During a closed-door meeting in Brussels on Wednesday, Defense Secretary James Mattis warned NATO allies that America would "moderate its commitment" to the alliance if other member countries did not increase defense spending by the end of the year. "No longer can the American taxpayer carry a disproportionate share of the defense of Western values," Mattis said to the alliance's 27 defense ministers in attendance. "Americans cannot care more for your children's future security than you do."
At this point, only five of the 28 member countries, including the U.S., the U.K., Greece, Estonia, and Poland, "meet the alliance's goal of spending 2 percent of their gross domestic product on defense," The Hill reported. President Trump has repeatedly said he will push NATO allies to pull their weight, even going so far as to suggest the U.S. would not defend allies that don't pay their fair share.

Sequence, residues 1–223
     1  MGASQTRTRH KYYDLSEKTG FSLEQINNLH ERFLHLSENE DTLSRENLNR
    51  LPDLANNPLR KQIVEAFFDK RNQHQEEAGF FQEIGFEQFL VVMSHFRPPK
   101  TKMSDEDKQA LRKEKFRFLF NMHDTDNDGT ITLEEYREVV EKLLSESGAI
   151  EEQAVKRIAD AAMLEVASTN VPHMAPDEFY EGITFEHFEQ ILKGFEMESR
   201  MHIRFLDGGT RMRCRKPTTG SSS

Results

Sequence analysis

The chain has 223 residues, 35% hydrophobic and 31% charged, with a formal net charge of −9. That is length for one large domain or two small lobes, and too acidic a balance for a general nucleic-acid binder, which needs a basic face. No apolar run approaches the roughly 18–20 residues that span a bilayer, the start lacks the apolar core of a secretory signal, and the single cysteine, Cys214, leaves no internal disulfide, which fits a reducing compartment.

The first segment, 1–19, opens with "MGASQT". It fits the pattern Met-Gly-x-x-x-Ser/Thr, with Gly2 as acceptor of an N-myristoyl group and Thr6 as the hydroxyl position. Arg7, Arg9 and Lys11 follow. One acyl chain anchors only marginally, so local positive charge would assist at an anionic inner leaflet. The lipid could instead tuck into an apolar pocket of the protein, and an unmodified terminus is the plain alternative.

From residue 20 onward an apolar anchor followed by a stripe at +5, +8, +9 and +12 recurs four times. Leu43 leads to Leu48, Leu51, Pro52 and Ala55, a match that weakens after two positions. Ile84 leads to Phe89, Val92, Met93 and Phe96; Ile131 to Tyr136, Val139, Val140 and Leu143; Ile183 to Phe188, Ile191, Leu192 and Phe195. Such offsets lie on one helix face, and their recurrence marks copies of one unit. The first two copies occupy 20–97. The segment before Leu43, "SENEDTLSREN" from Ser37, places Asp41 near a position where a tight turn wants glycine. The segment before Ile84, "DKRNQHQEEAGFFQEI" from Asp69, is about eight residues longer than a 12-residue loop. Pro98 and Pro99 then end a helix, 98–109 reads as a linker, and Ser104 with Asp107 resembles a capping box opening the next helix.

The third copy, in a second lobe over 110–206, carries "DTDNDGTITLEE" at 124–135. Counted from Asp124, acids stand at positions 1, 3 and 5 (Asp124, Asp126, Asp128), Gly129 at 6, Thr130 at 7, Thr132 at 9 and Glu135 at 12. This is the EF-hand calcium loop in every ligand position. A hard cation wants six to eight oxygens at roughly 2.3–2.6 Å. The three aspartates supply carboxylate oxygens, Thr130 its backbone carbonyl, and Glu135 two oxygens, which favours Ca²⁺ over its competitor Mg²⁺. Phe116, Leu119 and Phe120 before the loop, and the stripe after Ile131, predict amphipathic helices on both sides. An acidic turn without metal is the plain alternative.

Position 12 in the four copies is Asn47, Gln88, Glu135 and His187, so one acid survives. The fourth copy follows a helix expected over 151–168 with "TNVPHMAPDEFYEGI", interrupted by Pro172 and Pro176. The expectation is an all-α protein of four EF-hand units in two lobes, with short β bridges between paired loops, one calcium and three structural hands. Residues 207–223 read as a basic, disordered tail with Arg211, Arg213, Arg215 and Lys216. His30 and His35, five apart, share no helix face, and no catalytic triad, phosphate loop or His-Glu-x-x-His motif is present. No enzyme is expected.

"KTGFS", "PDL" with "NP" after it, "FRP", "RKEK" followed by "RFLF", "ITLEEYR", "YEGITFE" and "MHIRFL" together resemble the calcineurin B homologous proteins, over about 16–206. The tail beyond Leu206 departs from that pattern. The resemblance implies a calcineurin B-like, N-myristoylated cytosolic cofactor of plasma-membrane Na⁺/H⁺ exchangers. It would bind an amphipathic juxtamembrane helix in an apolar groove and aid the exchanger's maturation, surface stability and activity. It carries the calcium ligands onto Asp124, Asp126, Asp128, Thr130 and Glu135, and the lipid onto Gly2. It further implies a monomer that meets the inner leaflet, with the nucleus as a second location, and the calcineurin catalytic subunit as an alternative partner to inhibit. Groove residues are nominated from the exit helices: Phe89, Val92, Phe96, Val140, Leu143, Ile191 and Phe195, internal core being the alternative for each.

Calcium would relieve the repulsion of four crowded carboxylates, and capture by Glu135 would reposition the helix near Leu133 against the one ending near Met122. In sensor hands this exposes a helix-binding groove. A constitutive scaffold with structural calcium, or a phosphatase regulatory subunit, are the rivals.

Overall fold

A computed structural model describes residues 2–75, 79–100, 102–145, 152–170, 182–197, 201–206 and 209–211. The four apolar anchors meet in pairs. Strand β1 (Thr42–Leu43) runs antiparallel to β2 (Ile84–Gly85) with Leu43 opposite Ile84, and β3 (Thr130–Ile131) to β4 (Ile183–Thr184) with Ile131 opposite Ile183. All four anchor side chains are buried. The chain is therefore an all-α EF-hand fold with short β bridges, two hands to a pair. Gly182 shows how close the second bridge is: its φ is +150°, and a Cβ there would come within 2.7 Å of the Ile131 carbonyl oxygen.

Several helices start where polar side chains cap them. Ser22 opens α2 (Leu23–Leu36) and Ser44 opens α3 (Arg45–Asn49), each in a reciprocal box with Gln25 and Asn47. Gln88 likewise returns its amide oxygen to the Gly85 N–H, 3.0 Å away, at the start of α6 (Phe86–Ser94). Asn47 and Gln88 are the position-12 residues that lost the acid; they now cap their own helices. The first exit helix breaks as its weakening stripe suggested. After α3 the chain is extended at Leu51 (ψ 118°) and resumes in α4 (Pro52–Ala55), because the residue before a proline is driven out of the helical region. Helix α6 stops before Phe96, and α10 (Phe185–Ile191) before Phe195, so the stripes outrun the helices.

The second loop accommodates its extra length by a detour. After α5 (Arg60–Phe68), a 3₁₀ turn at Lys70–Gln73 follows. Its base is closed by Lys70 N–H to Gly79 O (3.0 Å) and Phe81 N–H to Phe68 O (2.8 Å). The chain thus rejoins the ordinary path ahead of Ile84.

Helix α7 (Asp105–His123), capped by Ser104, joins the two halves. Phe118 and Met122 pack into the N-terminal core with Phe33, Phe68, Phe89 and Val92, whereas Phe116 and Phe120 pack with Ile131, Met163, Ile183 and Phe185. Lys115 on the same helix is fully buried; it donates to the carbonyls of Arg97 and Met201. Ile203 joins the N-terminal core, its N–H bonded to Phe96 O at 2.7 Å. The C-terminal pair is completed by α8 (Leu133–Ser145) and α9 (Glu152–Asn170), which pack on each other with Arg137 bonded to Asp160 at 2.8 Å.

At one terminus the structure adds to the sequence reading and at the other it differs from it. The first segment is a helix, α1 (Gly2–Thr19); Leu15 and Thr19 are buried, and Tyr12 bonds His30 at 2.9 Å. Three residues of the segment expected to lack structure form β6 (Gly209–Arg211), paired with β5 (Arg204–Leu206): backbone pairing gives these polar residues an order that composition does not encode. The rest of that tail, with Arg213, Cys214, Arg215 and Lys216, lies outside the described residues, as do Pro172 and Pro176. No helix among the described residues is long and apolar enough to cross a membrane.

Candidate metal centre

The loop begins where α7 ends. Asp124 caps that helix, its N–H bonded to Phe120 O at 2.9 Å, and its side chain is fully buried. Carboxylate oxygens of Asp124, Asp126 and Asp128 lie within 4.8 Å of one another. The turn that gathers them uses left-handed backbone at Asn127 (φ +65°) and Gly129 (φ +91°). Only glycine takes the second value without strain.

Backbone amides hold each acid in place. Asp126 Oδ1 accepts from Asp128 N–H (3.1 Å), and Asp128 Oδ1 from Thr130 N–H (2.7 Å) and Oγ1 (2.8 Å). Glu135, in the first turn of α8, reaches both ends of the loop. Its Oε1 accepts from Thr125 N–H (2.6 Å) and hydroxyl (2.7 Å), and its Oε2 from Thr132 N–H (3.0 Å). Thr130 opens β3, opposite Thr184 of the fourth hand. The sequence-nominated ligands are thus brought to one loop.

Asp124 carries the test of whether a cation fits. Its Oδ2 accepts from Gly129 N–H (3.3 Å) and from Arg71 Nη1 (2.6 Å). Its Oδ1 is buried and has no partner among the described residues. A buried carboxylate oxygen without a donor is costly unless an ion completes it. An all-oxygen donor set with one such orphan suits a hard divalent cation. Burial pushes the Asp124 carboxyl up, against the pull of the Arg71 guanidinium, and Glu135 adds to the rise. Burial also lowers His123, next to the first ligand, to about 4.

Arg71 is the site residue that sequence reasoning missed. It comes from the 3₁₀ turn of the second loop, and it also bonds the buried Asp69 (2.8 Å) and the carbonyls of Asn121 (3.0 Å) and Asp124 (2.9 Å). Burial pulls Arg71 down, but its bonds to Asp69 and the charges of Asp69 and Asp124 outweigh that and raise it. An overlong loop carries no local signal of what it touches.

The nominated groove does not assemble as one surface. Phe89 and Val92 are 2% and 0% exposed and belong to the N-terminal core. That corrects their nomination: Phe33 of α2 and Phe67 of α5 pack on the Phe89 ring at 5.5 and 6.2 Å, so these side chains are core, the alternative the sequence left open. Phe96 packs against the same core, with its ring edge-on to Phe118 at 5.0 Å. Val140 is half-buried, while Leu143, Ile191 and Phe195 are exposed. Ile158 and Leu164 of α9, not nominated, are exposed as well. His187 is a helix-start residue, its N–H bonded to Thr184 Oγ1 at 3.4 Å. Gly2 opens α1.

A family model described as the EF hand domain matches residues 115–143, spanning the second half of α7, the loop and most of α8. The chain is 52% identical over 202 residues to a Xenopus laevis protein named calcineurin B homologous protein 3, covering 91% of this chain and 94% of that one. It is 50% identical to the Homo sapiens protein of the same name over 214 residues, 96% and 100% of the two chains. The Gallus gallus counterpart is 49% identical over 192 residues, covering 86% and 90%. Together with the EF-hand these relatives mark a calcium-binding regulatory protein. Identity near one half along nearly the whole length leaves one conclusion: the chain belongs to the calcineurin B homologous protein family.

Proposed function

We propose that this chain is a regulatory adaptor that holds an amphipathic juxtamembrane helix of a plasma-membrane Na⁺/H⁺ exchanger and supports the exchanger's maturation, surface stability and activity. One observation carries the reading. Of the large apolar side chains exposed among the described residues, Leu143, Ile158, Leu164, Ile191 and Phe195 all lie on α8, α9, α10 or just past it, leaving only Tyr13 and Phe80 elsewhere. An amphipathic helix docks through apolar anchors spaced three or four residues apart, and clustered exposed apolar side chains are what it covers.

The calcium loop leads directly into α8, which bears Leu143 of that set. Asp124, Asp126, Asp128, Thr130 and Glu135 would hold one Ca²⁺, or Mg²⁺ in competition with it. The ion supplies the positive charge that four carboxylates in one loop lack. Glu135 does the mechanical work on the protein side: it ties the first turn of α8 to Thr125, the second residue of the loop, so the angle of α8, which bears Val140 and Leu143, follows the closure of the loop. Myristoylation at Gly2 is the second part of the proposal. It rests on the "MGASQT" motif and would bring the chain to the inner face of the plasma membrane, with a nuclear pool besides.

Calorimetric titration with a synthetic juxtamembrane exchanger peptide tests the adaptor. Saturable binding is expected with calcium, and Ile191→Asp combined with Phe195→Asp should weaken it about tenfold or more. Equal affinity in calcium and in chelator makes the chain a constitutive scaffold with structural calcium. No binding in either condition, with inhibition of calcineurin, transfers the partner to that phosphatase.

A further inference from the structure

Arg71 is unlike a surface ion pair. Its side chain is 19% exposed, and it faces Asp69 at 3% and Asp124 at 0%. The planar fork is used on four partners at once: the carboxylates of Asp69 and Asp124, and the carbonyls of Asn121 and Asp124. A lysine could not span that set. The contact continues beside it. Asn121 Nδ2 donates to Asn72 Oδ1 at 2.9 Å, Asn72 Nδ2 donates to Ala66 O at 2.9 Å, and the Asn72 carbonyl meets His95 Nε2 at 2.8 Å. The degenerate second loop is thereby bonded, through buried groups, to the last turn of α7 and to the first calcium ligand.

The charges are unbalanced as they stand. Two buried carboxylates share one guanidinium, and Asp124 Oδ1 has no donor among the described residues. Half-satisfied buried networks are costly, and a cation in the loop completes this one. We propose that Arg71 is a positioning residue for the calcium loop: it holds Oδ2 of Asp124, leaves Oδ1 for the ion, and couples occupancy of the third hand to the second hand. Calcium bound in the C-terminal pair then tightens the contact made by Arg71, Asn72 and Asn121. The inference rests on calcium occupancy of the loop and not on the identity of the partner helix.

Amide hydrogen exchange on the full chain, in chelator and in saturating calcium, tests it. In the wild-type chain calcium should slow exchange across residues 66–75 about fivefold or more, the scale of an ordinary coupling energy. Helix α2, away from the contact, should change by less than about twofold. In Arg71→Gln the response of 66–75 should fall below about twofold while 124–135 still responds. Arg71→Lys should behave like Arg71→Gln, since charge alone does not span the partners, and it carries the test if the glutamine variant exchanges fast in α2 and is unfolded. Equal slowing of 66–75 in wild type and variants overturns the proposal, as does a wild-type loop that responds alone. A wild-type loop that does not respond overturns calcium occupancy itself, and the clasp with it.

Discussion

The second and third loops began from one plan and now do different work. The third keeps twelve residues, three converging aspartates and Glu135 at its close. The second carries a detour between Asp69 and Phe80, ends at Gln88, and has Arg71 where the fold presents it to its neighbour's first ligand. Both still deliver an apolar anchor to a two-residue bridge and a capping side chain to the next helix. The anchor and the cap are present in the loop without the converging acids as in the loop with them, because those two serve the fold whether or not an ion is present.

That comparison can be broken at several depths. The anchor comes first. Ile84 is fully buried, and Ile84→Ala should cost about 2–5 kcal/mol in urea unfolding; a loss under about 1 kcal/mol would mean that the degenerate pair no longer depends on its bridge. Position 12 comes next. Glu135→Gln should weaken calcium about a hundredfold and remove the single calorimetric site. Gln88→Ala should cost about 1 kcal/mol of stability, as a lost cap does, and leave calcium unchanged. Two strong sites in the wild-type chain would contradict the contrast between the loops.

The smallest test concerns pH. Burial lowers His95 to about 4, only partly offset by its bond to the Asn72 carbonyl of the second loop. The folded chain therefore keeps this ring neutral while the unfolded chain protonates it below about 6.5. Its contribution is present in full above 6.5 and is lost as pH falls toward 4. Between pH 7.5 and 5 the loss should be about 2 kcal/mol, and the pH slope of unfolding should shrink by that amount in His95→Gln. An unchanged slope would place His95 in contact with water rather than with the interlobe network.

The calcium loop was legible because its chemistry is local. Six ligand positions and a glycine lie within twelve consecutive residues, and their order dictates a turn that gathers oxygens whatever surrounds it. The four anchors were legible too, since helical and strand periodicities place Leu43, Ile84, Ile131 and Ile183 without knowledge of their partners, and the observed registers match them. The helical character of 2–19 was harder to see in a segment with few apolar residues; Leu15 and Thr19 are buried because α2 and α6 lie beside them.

Mattis did not reiterate Trump's threat, only saying that it's a "government reality" at this point that the U.S. will not tolerate members dragging their feet on reaching their commitment. "Disregard for military readiness demonstrates a lack of respect for ourselves, for the alliance, and for the freedoms we inherited, which are now clearly threatened," Mattis said.
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Earlier in public remarks ahead of the NATO meeting, which marks Mattis' first as defense secretary, he called the alliance a "fundamental bedrock for the U.S. and all the transatlantic community" — a far cry from Trump's description of NATO as "obsolete."
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